Miss B.N.S., a 44-year-old female living with HIV since 1997, had defaulted ART since 2012 and was virologically unsuppressed (viral load of 23 358 copies/mL, CD4 = 66 cells/µL). She presented on 22/09/2020 with a 1-week history of constitutional symptoms (poor appetite, night sweats and easy fatigability) associated with a non-productive cough and shortness of breath. No symptoms of fever, sore throat, anosmia or dysgeusia were elicited. Clinical examination revealed a chronically ill-looking patient, tachycardia (133 beats/min), tachypnoea (22 breaths/min) and hypoxic at room air (oxygen saturation of 88%). Chest auscultation revealed crepitations in the mid and lower zones of her right lung. Chest radiograph (Figure 1) showed bilateral central and peripheral ground-glass opacification (GGO), greater involvement of the right lung.

FIGURE 1: Chest radiograph (postero-anterior view).

Blood investigations revealed results as per Table 1. Based on the patient’s history, clinical, radiological and biochemical findings, a diagnosis of CAP was made, and she was started empirically on amoxicillin-clavulanic acid, azithromycin, oral trimethoprim/sulfamethoxazole, prednisone and prophylactic clexane® 60 mg daily. Nasopharyngeal swab and sputa were sent for COVID-19 and TB polymerase chain reaction (PCR). A day later, the COVID-19 PCR result returned as positive. She was initiated onto dexamethasone, vitamin D, zinc, thiamine, ascorbic acid and therapeutic anticoagulation (enoxaparin 60 mg BD). Whilst in the ward she remained hypoxic requiring 100% rebreather mask to maintain an oxygen saturation of over 90%. The sputa TB PCR test returned positive on 24/09/2020, and the patient was initiated onto anti-tuberculosis treatment (Rifafour® 3 tablets with pyridoxine 25 mg daily).

TABLE 1: Results of laboratory investigations.

However, despite being on treatment for PJP, pulmonary TB and CAP, the patient remained hypoxic with a Wells’ score of 3 (heart rate > 100 bpm and prolonged immobilisation) putting her at moderate risk of developing a PE.11 A CTPA was ordered and revealed bilateral GGO and left lower lobe subsegmental pulmonary emboli (Figure 2).

FIGURE 2: Computed tomography pulmonary angiogram showing filling defect in left lower lobe subsegmental pulmonary artery.

No evidence of deep vein thrombosis was found. Warfarin 5 mg daily was added to her existing anticoagulation regimen.

The final diagnosis made in Miss B.N.S. was that of a PLHIV, virologically unsuppressed, who defaulted ART with a CD4 of 66 with confirmed:

  • Severe COVID-19:12,13,14
  • Pulmonary tuberculosis
  • Pulmonary embolism
  • Pneumocystis iirovecii pneumonia (clinical diagnosis plus a positive serum B-D-glucan).

She remained hypoxic needing prolonged oxygen supplementation until Day 17 post-admission. On Day 18, she was transferred to a step-down facility off oxygen to continue with her anticoagulation and TB treatment with a view to restarting ART in 6–8 weeks.


Individually, HIV, TB and COVID-19 can predispose to thromboembolism. This case report describes the presence of PE in a patient with all aforementioned infectious diseases and the complexities associated with diagnosis in a developing country. No literature could be found on the combination of HIV, TB, COVID-19 and the development of PE in a single patient.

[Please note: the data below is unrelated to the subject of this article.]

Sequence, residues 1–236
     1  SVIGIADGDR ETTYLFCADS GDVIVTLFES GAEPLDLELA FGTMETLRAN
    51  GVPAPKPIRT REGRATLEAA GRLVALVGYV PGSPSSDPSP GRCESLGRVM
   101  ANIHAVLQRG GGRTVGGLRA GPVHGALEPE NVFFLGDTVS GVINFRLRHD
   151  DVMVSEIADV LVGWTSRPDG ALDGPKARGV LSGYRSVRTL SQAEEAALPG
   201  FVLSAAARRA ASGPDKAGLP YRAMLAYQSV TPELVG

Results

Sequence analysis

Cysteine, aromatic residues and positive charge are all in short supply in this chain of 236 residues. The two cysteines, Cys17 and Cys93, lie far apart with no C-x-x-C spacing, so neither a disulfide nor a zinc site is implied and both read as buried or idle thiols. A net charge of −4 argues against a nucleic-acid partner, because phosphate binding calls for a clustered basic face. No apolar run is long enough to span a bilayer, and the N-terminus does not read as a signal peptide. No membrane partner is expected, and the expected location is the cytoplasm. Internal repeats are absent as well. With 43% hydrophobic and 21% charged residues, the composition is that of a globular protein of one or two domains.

Daily clinical patient re-evaluation is a necessity even in the times of COVID-19. This is often neglected as clinical staff are afraid of their well-being and resort to making notes without careful patient re-examination. Together with clinical examination, review of blood investigations and patient’s oxygen consumption needs, a management plan could be formulated.

The plasma D-dimer test has a low specificity and can be raised in a multitude of conditions including HIV-infection, TB, VTE, PE, COVID-19, pneumonia and increased age.15,16,17,18 This limited its use in differentiating between the four coexistent medical conditions in our patient, all of which are known to cause elevations in D-dimer levels. This highlights the complexity of diagnosing PE in the context of HIV, TB and COVID-19 infection.

The debate on the use of thromboprophylaxis in patients hospitalised with COVID-19 is ongoing with most studies currently advocating for its use.19,20,21 Prophylactic anticoagulation has long been recommended for at-risk in-patients with medical conditions such as HIV and/or TB.22,23 Despite being on prophylactic enoxaparin, our patient still developed a PE. This is similar to what Klok et al. and Tang et al. showed in their studies.9,24

Pulmonary embolism remains a great masquerader and clinicians must maintain a level of vigilance for diagnosing this life-threatening medical condition, more especially during the COVID-19 infection era.


Competing interests

The authors have declared that no competing interest exists.

Authors’ contributions

The principal author (S.P.) made substantial contributions to conception and design of the work, writing of the article and final approval and agreed to be accountable for all aspects of the research. The co-author (N.M.) made substantial contributions to conception of the work, critically reviewed and edited the draft and final approval and agreed to be accountable for all aspects of the research.

Ethical consideration

Approval was obtained from the patient, King Edward VIII Hospital and the KwaZulu-Natal Department of Health.

Funding information

This research received no specific grant from any funding agency in the public, commercial or not-for-profit sectors.

Data availability statement

Data sharing is not applicable to this article as no new data were created or analysed in this study.


The views and opinions expressed in this article are those of the authors and do not necessarily reflect the official policy or position of any affiliated agency of the authors.